U.S. Steel next argues the trial court erred in concluding there was a shortfall of productive capacity in the finishing mills of the conceptual plant. The trial court found that the testimony concerning the productive capacity of the existing finishing mills was inconclusive.

The disputed testimony was given by Lindberg. Lindberg testified that the finishing mills at South Works consist of the continuous plate mill, the structural mills and the bar mills. The 52-inch structural mill averages 800 tons per turn, and the 34-inch structural mill averages about 450 tons per turn. The mills can be run 18 turns per week if there is enough "semi-finished" and if the blast furnace gas is available. The plate mill averages about 800 tons per turn, but Lindberg said there is a bottleneck in the finishing end on that mill and so the maximum turns that can be run is about 15 or 16 per week. Concerning the bar mill, Lindberg testified that it had "been down so long" he could not think of the numbers. He then said "I think we used to do on that mill 200 tons a turn maximum capacity." This testimony presented a question of fact as to the productive capacity of the finishing mills. The trial court therefore was justified in concluding there was a shortfall which required correction.

In terms of the shortfall of productive capacity generally, the trial court noted that the conceptual plant is based upon end-product shipments over the five-year period ending in 1971. Those shipments do not necessarily equate with productive capacity for various reasons, including the fact that a producer may be accumulating inventory or liquidating inventory. The trial court also noted that shipments do not necessarily equate with ability to produce because market demand may limit actual production. Additionally, demand for the various end products will vary according to various factors. In light of these considerations, we believe the trial court was justified in concluding that the overall productive capacity of the conceptual plant was insufficient.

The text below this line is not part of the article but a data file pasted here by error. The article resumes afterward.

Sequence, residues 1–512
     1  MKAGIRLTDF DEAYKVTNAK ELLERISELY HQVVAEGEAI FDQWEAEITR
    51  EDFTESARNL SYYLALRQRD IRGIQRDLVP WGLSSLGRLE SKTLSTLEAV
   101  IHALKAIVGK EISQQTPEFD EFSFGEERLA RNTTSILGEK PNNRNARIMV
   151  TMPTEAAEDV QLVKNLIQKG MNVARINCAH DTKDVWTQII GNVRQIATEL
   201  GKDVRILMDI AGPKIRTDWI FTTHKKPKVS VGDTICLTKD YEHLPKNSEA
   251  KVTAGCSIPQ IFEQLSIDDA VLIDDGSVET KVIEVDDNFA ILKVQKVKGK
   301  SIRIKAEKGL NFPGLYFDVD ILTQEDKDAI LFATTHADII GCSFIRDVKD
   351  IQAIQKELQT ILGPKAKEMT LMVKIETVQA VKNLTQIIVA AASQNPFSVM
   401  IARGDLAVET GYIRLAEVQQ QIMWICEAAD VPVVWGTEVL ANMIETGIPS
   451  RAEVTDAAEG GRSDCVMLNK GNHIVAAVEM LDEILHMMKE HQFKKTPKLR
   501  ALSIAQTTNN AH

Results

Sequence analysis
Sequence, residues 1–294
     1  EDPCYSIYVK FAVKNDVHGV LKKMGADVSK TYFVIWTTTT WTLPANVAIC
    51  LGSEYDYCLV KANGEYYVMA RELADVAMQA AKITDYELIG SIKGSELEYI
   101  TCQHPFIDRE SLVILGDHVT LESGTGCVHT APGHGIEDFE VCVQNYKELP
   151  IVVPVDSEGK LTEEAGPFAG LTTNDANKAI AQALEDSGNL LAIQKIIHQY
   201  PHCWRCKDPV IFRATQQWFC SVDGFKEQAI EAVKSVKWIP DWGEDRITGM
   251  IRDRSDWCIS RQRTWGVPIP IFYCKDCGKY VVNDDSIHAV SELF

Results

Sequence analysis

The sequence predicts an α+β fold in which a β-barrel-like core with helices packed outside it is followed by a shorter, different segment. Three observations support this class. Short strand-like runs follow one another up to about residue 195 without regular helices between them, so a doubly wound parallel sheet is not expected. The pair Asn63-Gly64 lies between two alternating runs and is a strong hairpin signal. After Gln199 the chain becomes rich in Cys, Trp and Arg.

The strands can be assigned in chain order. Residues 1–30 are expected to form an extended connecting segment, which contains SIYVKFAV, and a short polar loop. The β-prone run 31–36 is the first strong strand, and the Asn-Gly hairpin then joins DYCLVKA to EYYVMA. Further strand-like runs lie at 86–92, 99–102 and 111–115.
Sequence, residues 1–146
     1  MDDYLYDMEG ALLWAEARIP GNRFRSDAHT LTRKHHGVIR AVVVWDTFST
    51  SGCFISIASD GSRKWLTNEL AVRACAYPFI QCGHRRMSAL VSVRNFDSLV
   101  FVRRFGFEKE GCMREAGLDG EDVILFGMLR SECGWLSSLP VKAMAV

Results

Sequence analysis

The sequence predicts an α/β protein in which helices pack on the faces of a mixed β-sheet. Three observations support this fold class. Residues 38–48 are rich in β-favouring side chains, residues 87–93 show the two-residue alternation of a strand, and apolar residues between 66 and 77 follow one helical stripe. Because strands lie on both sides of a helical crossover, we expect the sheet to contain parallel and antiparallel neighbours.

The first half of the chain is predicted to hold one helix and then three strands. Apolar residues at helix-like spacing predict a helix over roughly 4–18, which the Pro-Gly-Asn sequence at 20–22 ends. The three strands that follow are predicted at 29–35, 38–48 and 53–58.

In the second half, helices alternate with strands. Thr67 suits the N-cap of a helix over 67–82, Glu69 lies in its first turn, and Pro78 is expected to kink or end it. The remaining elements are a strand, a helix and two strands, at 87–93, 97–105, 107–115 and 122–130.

U.S. Steel next argues the trial court erred by including a residual value for each facility which has a remaining life in excess of eight years. U.S. Steel explains that the value of the facilities' remaining lives to their terminal dates was not included in the appraisal's figures because the appraisals as of January first for each year represent the value at that time of the continued use of the facility.

The dispute here seems to involve whether it was proper to use an average eight-year remaining life, at which point, in the appraiser's opinion, the facilities would be replaced with equipment which was more technologically efficient, or whether, as the trial court concluded, the facilities' replacement cost should be determined on the basis of their full remaining lives regardless of efficiency.

U.S. Steel has not cited any authority for the proposition that it was improper for the court to assign a value to the residual lives of the facilities beyond eight years. The trial court noted that the American appraisals measure economic loss to be suffered by U.S. Steel from continued ownership of the property and this would be valid if all the property had the same remaining useful economic life. However, most of the facilities have admitted useful lives in excess of eight years, and American did not measure the benefits of ownership which would accrue beyond the eight-year period. U.S. Steel has not proved by clear and convincing evidence that the trial court erred in determining that the residual lives of the facilities beyond eight years was a proper component of replacement cost.

U.S. Steel also objects to what it calls a "spurious valuation approach" by the trial court. It takes exception to the court's use of an income approach in its adjustment of the figures as calculated by the appraisals. The trial court's memoranda found this justifiable because the appraiser used an income approach in its reports. U.S. Steel says American's capitalization of excess operating costs was used only for the purpose of discounting to a January 1st value the excess expense of operating South Works.

The appraisal report stated that it considered the "productivity of earning capacity" and "the capitalization of income received from the use" of South Works. The trial court also noted that "costs" and "earnings" have a direct relationship. We agree with the collector's argument that to the extent American could and did determine an expected rate of return for investments in the industry, the court was justified in determining the expected return on an investment in the model plant.